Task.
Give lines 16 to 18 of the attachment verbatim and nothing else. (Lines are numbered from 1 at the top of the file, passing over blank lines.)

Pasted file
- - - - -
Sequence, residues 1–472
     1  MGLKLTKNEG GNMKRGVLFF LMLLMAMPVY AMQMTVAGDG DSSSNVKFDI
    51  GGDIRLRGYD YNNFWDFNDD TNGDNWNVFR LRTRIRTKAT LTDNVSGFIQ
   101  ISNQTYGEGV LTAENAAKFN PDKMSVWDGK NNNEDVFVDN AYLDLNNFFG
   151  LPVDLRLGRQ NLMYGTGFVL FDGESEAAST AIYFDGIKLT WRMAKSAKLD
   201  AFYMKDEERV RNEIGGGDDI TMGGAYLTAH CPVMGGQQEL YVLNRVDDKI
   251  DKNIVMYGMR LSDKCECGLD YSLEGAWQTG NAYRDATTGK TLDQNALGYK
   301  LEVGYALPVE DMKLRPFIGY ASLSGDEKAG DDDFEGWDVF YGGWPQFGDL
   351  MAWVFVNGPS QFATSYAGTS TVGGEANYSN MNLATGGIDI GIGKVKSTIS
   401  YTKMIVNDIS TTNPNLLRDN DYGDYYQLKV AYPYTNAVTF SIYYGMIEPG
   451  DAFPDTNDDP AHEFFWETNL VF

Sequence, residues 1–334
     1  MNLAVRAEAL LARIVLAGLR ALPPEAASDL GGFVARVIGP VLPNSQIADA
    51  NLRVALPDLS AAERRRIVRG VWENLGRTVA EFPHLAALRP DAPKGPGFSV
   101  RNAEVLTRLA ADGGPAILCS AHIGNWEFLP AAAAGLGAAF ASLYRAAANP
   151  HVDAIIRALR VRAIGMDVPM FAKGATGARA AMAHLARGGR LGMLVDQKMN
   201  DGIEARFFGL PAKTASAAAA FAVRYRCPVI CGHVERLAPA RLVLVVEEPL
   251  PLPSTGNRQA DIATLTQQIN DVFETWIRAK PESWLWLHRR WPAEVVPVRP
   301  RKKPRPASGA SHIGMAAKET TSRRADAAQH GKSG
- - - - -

   151  HVDAIIRALR VRAIGMDVPM FAKGATGARA AMAHLARGGR LGMLVDQKMN
   201  DGIEARFFGL PAKTASAAAA FAVRYRCPVI CGHVERLAPA RLVLVVEEPL
   251  PLPSTGNRQA DIATLTQQIN DVFETWIRAK PESWLWLHRR WPAEVVPVRP